If, Then

Kate Day Hope

An interesting take on counterfactuals or alternate realities… If, Then follows four neighbors who begin seeing hallucinations that are actually glimpses of other possibilities in their lives. Though the concept has a lot of potential, the actuality of the novel is a bit disappointing. The damp Oregon setting is effective, with the ominously named Broken Mountain looming over the cul-de-sac where the neighbors cross paths.

We learn from Mark, a behavioral ecologist who studies frogs on the mountain, that Broken Mountain may actually be a dormant volcano — if this sounds a bit like Chekhov’s gun to you, well, no spoilers. His wife Ginny is a surgeon at the hospital, who operated on Samara’s mother. Their new neighbor Cass seems to have no connection to anyone else yet, but she is a philosophy Ph. D. student who has some background in counterfactuals, so she is there mostly to give the academic background.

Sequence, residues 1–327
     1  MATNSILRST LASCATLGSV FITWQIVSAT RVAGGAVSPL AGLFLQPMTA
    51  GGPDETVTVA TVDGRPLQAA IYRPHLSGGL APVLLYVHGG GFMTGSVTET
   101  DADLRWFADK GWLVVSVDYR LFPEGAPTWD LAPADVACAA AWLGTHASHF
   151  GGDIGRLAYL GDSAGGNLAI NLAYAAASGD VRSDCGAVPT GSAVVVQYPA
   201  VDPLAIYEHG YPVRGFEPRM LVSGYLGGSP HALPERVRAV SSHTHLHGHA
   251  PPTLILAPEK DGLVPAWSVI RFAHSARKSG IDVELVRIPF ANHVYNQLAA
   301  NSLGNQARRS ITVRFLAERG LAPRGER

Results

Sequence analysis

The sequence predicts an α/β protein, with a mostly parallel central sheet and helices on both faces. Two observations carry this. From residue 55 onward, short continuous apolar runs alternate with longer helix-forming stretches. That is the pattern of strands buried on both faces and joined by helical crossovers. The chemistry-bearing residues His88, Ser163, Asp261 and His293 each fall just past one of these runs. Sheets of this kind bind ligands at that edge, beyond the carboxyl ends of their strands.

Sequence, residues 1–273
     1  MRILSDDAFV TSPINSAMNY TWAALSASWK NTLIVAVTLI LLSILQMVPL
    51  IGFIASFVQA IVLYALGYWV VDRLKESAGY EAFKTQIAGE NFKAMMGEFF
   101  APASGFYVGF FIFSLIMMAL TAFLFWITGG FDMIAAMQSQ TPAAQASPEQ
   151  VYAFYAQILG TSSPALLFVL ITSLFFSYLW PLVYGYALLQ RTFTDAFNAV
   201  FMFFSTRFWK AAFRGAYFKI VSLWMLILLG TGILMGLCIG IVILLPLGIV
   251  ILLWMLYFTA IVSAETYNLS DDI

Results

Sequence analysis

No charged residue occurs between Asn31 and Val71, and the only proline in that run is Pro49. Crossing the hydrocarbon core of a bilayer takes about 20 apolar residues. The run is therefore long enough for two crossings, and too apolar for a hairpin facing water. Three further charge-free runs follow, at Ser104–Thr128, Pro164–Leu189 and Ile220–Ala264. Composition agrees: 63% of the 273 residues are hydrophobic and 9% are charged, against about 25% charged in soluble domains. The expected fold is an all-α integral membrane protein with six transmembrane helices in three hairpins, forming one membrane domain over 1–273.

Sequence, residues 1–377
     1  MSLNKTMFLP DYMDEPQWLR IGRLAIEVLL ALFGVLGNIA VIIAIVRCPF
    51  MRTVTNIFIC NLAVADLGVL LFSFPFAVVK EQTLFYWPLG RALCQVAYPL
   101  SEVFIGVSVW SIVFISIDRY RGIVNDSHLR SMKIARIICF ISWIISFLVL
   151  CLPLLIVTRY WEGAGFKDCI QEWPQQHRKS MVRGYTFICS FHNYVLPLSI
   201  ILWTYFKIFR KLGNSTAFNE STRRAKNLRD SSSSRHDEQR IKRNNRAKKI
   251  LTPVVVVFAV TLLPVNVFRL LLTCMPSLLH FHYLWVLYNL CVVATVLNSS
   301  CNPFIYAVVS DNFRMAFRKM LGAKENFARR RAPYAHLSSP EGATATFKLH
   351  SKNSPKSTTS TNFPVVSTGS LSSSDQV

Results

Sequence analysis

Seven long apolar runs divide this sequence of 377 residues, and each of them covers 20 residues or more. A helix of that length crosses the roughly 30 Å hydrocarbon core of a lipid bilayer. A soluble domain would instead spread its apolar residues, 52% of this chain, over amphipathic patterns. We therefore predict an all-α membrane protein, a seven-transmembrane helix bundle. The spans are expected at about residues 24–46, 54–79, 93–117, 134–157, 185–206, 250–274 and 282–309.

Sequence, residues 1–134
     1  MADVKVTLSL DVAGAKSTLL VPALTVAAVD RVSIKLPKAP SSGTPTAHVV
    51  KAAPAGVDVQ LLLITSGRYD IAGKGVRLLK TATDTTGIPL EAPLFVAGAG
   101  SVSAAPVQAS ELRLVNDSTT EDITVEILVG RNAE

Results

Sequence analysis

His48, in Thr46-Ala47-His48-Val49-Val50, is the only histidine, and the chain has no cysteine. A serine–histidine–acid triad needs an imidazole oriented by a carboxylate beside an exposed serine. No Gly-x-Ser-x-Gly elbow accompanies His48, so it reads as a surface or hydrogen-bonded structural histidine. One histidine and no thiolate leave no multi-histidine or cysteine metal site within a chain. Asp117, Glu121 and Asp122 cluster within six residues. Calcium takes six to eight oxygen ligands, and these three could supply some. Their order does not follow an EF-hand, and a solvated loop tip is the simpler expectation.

The disappointment here is that the influence of everyone’s parallel lives could go much further. These interludes really just scratch the surface, and the end of the novel doesn’t resolve the multi-realities, though I suppose it doesn’t really have to. Despite these shortcomings, it’s an atmospheric page-turner.